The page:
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I just added a suggestion to run two elements during each loop iteration. I used a #conditional block to provide both the new code and the old loop. I'm not sure the suggestion actually helps, so you can mess with the conditional switch to check both versions. Maybe it's something that doesn't help with short toy sequences, but does actually help with (super-)long professional-length data.

I find that this would be the best name.
minmax would definitely create ambiguity for many people who are used to a very different meaning for that term, and extrema is less easily discoverable.

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I would hope that the implementation is driven by benchmarks. There are lots of implementation strategies.

For example, I suggested trying SIMD - which would reduce branching by a lot, at the cost of introducing a data dependency which limits speculative execution. I’d be interested to see how that fares against the obvious implementation for different kinds and sizes of data.

Attabench (GitHub - attaswift/Attabench: Microbenchmarking app for Swift with nice log-log plots) is a useful tool for making these kinds of measurements.

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I've made a few more edits, making the new two-at-a-time loop the default. I accidentally uploaded the edits early, but now I'm not sure about the other edits I was planning, so the early upload may have been a good thing.

I made a change canonizing how ties are resolved. It would specify that the minimum will use the earliest element in a tie and the maximum will use the latest element in a tie. Then I started work on the SIMD optimization. An hour in I realized that I don't think the SIMD operations for min or max specify how they resolve ties. So I can't have both features. If I'm not wrong, which way should I optimize (if at all)?

I’m curious what benefit you see in the 2-at-a-time loop.

Unless I’m missing something, it makes the same number of comparisons, and accesses the elements in the same order, as the direct 1-at-a-time version.

When you process one element at a time, you make up to 2 comparisons per element: one against the minimum and one against the maximum. For each pair of elements, that means you're making 4 comparisons, or 2n for the whole sequence.

When you process a pair of elements at once, you make 3 comparisons: (1) the two elements against each other, (2) the smaller element against the minimum, and (3) the larger element against the maximum. So you end up with 3/2n comparisons in total, 25% less than the single element version.

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Note that two-at-a-time is, somewhat surprisingly, optimal; it does 3/2 n comparisons. Three-at-a-time requires 3 comparisons to order the three elements, then one for the min and one for the max, for 5/3 n in total, and it only gets worse from there (a four-element sorting network is five comparisons, so 7/4 n, etc--you don't actually need a full sorting network, but two-at-a-time is still as good as it gets).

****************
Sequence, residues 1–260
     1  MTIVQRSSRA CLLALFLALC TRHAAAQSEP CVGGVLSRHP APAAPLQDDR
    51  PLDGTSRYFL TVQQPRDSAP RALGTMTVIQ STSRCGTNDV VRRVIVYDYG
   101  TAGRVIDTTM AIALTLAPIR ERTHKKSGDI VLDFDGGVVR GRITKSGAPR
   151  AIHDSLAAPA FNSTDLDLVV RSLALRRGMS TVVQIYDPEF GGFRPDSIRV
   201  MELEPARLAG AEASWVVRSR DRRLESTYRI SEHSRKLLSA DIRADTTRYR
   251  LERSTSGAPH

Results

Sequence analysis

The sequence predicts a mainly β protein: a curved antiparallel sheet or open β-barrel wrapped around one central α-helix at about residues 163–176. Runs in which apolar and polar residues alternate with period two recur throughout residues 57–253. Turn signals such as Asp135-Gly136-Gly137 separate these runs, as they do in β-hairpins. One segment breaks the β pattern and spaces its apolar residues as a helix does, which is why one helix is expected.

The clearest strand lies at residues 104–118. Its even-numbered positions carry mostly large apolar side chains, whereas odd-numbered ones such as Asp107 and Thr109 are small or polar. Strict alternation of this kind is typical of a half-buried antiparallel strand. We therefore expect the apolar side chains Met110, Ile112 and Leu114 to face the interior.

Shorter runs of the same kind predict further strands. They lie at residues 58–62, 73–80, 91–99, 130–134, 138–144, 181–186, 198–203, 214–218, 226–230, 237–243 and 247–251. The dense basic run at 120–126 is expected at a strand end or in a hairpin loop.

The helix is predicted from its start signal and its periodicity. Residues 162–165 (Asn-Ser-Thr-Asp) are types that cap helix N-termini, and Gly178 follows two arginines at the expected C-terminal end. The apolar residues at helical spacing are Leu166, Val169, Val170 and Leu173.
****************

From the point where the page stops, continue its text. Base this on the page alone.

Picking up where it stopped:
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That makes sense, thanks.

If I’ve done my math right, for powers-of-2 at a time it stays exactly 3n/2 forever.

Still, going with 2-at-a-time introduces data dependencies for deciding which comparisons to perform, so it might not pipeline as well as 1-at-a-time.

Would be interesting to see benchmark comparisons, for both simple types like Int and compound types like String (especially strings with long identical prefixes that make comparisons slow.)

The dependencies for which comparisons to perform are not an issue in practice; what matters is the loop-carried dependency (the min and max "accumulators"). The number of comparisons they perform is reduced from n to n/2 using the pairwise method, so that's actually a much bigger win. On a sufficiently wide OoO CPU, the pairwise method is basically exactly twice as fast.

You can break the loop-carried dependency further by alternating between two or more "min" and "max" accumulators, but this is only profitable on relatively wide machines, and starts to get into more and more bookkeeping (and constant overhead) as you go larger.

You can extract maximum ILP using breadth-first binary-tree accumulators, at the cost of cache locality. In practice what people usually do when they optimize these algorithms as much as possible is accumulate within cache-sized blocks, then across them.